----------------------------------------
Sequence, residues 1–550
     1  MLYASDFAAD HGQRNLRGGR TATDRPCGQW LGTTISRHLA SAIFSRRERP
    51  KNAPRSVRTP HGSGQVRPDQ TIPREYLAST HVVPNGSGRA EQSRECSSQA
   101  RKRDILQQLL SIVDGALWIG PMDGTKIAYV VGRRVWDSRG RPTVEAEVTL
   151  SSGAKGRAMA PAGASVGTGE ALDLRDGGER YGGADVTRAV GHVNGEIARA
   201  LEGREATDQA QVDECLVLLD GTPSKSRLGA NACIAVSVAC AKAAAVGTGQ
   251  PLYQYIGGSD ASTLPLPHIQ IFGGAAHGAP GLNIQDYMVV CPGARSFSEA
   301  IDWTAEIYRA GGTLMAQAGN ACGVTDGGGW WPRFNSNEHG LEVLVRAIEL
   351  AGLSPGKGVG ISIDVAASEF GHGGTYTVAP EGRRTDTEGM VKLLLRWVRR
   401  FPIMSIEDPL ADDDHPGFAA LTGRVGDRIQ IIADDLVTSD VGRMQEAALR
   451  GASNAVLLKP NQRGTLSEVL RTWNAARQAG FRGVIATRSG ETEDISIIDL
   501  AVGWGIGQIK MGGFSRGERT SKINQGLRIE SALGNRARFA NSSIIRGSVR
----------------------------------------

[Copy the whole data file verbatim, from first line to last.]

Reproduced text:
Sequence, residues 1–550
     1  MLYASDFAAD HGQRNLRGGR TATDRPCGQW LGTTISRHLA SAIFSRRERP
    51  KNAPRSVRTP HGSGQVRPDQ TIPREYLAST HVVPNGSGRA EQSRECSSQA
   101  RKRDILQQLL SIVDGALWIG PMDGTKIAYV VGRRVWDSRG RPTVEAEVTL
   151  SSGAKGRAMA PAGASVGTGE ALDLRDGGER YGGADVTRAV GHVNGEIARA
   201  LEGREATDQA QVDECLVLLD GTPSKSRLGA NACIAVSVAC AKAAAVGTGQ
   251  PLYQYIGGSD ASTLPLPHIQ IFGGAAHGAP GLNIQDYMVV CPGARSFSEA
   301  IDWTAEIYRA GGTLMAQAGN ACGVTDGGGW WPRFNSNEHG LEVLVRAIEL
   351  AGLSPGKGVG ISIDVAASEF GHGGTYTVAP EGRRTDTEGM VKLLLRWVRR
   401  FPIMSIEDPL ADDDHPGFAA LTGRVGDRIQ IIADDLVTSD VGRMQEAALR
   451  GASNAVLLKP NQRGTLSEVL RTWNAARQAG FRGVIATRSG ETEDISIIDL
   501  AVGWGIGQIK MGGFSRGERT SKINQGLRIE SALGNRARFA NSSIIRGSVR